Facebook_Quizzes_____More_108894_201890If you have more than two or three Facebook friends, odds are good that at some point, you’ve gotten someone’s quiz results on your wall. One of your friends took a quiz and found out which Lord of the Rings character they were most like, or what words they tend to use most often in conversation, or any number of other things.

Sometimes the quizzes are actually marginally entertaining, but how much are you willing to pay for that few minutes of entertainment?

If you haven’t actually stopped to read the privacy policy and details on information collected by the company offering these quizzes and simple games, you really should. You’ll be shocked at what you discover.

Before you can take the quiz in question, the app that drives it will ask if it can connect to your Facebook account. Occasionally you’ll be able to pick and choose what specific data the app can have access to, but most of the time, you won’t have that option, and the app will quietly gather your birthday, home town, likes, photos, complete friends list, and more.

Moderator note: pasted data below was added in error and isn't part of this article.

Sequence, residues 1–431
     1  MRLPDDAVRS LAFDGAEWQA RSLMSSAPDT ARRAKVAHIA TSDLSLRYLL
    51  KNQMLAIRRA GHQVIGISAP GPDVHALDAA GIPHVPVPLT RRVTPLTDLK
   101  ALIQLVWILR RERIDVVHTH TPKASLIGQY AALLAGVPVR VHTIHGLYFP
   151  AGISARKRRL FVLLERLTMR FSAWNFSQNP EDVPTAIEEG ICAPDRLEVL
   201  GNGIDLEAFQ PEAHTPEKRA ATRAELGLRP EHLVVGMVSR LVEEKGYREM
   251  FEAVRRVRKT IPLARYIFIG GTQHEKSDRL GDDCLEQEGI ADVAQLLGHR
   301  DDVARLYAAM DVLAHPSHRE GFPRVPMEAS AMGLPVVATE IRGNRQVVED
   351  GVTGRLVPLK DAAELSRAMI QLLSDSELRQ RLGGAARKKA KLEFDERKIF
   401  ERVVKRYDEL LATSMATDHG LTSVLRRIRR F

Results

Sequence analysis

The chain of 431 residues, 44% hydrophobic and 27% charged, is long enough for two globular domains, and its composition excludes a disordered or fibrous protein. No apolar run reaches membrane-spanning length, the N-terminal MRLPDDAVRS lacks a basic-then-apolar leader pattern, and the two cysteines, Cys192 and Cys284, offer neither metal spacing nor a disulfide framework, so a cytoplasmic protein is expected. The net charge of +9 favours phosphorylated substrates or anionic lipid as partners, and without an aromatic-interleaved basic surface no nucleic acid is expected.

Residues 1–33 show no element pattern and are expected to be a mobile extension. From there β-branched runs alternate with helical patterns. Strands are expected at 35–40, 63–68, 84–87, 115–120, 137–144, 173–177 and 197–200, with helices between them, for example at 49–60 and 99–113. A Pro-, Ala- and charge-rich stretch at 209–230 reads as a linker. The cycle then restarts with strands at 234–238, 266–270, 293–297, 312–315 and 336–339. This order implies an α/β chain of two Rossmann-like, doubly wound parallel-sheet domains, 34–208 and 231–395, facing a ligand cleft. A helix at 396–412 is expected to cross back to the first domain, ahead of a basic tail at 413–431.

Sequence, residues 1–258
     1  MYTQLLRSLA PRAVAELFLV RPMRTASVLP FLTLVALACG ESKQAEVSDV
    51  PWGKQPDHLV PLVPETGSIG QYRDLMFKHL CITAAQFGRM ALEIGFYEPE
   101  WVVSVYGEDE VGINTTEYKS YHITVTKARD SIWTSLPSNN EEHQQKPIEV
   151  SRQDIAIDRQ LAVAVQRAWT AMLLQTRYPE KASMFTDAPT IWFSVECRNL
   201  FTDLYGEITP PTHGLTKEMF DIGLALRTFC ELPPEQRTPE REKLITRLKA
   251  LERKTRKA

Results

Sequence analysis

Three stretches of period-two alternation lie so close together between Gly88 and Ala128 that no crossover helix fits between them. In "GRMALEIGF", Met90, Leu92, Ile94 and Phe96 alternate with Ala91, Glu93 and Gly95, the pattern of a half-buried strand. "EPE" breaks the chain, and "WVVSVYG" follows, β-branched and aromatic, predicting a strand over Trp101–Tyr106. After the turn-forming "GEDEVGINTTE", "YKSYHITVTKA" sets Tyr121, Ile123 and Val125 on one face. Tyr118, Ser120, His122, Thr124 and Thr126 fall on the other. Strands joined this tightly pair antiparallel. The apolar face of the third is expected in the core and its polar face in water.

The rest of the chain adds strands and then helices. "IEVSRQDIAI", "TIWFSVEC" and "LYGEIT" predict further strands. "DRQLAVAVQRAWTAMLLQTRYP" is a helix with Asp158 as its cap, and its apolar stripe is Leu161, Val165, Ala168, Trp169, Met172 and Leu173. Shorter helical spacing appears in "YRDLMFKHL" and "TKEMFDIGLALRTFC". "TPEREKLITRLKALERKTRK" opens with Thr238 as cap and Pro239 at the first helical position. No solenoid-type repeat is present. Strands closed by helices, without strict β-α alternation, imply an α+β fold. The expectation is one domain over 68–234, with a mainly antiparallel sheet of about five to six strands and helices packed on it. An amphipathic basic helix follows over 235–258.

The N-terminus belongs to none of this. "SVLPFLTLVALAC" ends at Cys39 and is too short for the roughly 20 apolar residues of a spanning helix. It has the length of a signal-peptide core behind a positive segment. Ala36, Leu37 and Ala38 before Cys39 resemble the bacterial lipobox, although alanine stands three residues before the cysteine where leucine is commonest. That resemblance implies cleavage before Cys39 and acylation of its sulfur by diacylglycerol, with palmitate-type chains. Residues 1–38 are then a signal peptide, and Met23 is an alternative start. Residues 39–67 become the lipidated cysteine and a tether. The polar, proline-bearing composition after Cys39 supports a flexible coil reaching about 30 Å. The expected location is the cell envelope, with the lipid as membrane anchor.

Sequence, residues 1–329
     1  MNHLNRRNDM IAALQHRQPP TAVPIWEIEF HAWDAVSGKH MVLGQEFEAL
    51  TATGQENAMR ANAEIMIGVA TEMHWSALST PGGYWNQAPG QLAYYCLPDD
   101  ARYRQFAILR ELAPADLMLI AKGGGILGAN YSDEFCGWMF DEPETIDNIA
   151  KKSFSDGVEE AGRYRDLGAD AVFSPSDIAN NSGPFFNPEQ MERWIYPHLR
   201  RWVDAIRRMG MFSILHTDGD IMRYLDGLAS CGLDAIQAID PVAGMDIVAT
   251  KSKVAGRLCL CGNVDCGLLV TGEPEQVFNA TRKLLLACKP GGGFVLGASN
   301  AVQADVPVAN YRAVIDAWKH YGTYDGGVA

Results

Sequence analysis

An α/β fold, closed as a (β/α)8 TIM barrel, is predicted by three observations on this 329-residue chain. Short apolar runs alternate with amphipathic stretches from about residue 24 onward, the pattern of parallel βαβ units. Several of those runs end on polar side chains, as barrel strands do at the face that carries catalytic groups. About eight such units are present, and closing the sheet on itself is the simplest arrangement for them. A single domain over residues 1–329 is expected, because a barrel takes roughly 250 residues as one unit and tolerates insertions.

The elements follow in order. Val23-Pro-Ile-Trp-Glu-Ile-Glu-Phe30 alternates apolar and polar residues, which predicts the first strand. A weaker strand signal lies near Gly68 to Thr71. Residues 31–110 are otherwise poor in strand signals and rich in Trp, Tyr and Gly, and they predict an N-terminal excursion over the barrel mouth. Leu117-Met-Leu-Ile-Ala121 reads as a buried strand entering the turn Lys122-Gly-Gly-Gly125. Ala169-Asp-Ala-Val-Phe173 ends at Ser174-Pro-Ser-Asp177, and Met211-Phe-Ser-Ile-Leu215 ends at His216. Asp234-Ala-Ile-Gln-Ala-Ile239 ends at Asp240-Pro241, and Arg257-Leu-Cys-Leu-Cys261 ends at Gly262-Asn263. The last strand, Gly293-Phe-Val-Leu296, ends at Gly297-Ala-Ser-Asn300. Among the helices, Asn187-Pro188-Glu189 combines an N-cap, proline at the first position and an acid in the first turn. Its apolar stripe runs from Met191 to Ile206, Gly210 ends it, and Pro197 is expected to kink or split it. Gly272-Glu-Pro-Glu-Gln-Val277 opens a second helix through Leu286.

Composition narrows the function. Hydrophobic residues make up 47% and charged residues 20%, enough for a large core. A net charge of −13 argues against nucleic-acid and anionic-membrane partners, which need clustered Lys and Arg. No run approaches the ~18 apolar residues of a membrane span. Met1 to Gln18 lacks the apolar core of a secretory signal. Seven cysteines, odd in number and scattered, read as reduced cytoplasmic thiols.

If you think that sounds pretty intrusive for a simple quiz, and you’re suddenly wondering what the owners of the app might do with all that information, you’re not alone, and are right to be concerned. While most of these companies “promise” they won’t sell your data, they also have built into their terms of service that they have the right to keep it forever, even if you deactivate your Facebook account. It’s not an unfair question to ask what they plan to do with all that data on you, if not eventually sell it to someone else. Otherwise, there wouldn’t be much point in collecting it to begin with, right?

All that to say, be very careful about taking Facebook quizzes. Yes, they’re sometimes cute and humorous, but how much information are you willing to give up to find out what color you’re most closely associated with, or whether you’re more like Gandalf or Frodo? Information is currency. Guard yours carefully.

Used with permission from Article Aggregator